Western - Paignton review 1
3/4/10 Newton Abbot to Paignton
Traction used: Class 144 2-car DMU
Dept: Newton Abbot: 12.45
Arrive: Paignton: 13.01
Cost: £3.40 (off peak day return)
I last made this journey whilst on holiday in Torquay back in the early 70's and even then I only went as far as Torquay, so part of this journey was new track to me. Newton Abbot is still a grand station with its original canopies in place, though it now only has three platforms, two of them having been filled in. The front of the station has a fine Georgian style facade, though sadly you wouldn't know that it's Newton Abbot Station as most of the letters are missing.
My train should leave from platform 1, but as it's almost fifteen minutes late, it leaves from platform 2. It's also very crowded, overcrowded in fact with standing room only all the way down the aisles. I end up standing as far as Torquay, where the majority of passengers get out.
We pull away and curve to the left in a wide cutting, with just three tracks, before moving to the left hand track. The busy A380 is running parallel to us on our left, whilst on the right it's already green fields.
We then move off the Great Western main line and turn south westwards onto a very bumpy unwelded line. There are still plenty of houses on the left hillside and then we go onto welded track. We start to descend, passing semis on the left with long gardens down to the track side and green fields on the right.
The A380 pulls upwards away from us and is high above us. We are now doing about 40 mph as houses appear on the right side now as we go into a cutting and slow down as we come into Torre station. It has been recently repainted and has the black and white GWR station signs on both its platforms, as well as a green and red covered staircase.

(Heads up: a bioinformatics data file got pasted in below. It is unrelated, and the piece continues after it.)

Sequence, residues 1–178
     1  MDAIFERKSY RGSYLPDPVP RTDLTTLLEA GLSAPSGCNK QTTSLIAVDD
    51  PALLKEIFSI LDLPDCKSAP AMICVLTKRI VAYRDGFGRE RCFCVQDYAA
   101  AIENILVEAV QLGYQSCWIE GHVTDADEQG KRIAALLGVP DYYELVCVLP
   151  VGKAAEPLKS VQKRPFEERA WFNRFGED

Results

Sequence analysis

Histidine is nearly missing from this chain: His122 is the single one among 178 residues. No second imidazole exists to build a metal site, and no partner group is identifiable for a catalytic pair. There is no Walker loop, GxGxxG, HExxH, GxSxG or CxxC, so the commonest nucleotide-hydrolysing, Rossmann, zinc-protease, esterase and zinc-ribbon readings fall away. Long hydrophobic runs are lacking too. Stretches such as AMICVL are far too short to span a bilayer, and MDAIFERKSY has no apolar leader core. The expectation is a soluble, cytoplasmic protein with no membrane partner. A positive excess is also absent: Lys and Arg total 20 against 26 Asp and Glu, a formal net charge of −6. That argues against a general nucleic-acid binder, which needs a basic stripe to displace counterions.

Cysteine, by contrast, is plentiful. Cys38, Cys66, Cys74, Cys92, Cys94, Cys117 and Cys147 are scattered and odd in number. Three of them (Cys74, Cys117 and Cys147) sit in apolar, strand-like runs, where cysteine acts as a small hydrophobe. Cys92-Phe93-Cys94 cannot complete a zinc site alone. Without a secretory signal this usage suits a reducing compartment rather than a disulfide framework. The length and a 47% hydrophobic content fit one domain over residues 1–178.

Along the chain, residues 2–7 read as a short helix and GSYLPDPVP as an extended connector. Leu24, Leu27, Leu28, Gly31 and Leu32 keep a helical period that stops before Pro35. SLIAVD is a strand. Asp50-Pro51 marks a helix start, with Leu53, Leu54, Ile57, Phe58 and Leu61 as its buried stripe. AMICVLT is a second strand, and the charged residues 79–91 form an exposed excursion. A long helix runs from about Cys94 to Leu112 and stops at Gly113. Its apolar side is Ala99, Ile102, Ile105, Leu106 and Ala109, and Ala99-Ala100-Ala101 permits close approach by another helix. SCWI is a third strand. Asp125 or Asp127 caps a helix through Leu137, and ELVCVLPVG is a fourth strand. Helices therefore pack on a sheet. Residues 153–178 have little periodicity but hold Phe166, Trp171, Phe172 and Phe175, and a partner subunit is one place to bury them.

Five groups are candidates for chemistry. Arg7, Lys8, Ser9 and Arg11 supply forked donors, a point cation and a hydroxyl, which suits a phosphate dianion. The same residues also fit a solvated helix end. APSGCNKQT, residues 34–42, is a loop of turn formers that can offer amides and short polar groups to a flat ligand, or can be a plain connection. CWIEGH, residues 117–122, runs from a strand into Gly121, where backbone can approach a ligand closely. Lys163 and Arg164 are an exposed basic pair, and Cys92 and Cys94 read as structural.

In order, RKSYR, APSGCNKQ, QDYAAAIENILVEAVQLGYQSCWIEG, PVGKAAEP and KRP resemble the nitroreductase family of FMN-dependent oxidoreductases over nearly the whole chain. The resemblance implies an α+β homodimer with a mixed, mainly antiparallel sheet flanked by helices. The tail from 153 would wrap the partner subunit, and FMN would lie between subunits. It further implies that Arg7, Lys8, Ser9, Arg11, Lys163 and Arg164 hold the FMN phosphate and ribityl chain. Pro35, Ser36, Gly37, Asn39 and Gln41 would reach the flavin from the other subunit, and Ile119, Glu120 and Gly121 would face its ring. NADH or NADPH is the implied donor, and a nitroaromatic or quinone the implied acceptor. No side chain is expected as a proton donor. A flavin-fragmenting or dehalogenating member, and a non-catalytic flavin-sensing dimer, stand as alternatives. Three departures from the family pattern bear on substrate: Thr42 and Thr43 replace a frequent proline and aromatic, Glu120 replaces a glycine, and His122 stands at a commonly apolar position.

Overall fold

We then pull away on an embankment high above the houses, which are mainly painted a cream colour. We start descending and see palm trees everywhere as we come into Torquay station. It has two platforms with the remains of a track bed in the middle of its two tracks. The station buildings are of grey slate and in good order, though the over bridge looks like it's in need of a coat of paint. The train empties here and is now only about a third full.
We pass the Grand Hotel on the left and go into a cutting, curving first to the right and then to the left before emerging to our first view of the sea on the left. We then move inland again and start to climb upwards, entering a cutting. We see the sea once more and then houses appear on both sides as we emerge to see Paignton Pier and beach on the left. We then go onto another embankment, passing a park on the right.
We go over a level crossing and come into Paignton station. It has two platforms and is attached to the Dartmouth Steam railway. I can see some old GWR carriages on its platform, but don't know if a stream engine is on the front of them. There are about twenty people waiting to get on and about twice that number get off. I realize that all through the journey the guard has not checked our tickets.
Summary: A busy branch, especially in summer, but also use by locals all year round. MC